Plaster versus Fiberglass Casts


Image Credit: 3M Company

Most casts applied in orthopedic offices today in the US are fiberglass casts. Plaster used to be the only available material suitable for casts.

Plaster casts

Plaster strips or rolls are made by coating gauze with Plaster of Paris. A plaster cast is made by wetting these strips and rolling them onto the patient’s arm, usually over some cast padding material.

Plaster of Paris is calcined gypsum, which is a fine powder.

Adding water to this powder, then letting it dry (when a cast is put on), creates calcium sulfate, a hard white substance, like chalk.

Hardening of a plaster cast usually takes 5-10 minutes and heat is created during the hardening process. Most children say the cast feels very warm but if the arm has been padded well, the sensation of heat is not as intense.

Fiberglass casts

Fiberglass is a type of plastic that is easily shaped. Most fiberglass casts are made from rolls of material that is soft inside the package, and impregnated with polyurethane resin.

Water activates the resin and creates a hard cast in about 3-4 minutes.

Fiberglass casts are applied in a similar way to plaster casts. The roll is wrapped over padding around the arm and creates some heat during the hardening process.

Why your doctor might use plaster versus fiberglass

In general, fiberglass casts are lighter and can get wet if the right kind of padding is used. Therefore these are usually better for kids who have broken arms in the summertime. They’re cleaner to put on in the doctor’s office, and you can see the bones better through a fiberglass cast than you can through a plaster one.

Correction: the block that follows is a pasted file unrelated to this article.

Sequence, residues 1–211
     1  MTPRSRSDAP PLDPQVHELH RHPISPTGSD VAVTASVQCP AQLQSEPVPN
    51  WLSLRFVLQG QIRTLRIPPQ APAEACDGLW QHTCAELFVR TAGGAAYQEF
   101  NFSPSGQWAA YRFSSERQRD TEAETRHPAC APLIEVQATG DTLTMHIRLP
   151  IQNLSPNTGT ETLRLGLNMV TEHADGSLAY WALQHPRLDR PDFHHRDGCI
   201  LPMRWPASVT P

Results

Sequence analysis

So why do some specialists use plaster?

Plaster casts can be molded and shaped easier than fiberglass. If your doctor is trying to “mold” or put some gentle pressure on the arm around the fracture, he may use a plaster cast.

I find that plaster sets up and hardens faster than fiberglass, so if I set a bone in the office or in the emergency room, I can hold the cast still for a few minutes and let go when it’s hard, knowing that the bones won’t move. Fiberglass casts and splints don’t harden that rapidly.

Fiberglass cast material will stick firmly to exposed skin and clothing when wet, so don’t touch the cast material while it’s being put on; try to keep hair and clothes away from it while the doctor or nurse is putting the cast on.

You can read more about the composition and technical details of fiberglass casting material in this PDF file from the 3M company on Scotchcast Casting Products.



0 comments on “Plaster versus Fiberglass Casts
1 Pings/Trackbacks for "Plaster versus Fiberglass Casts"

Leave a Reply

Your email address will not be published. Required fields are marked *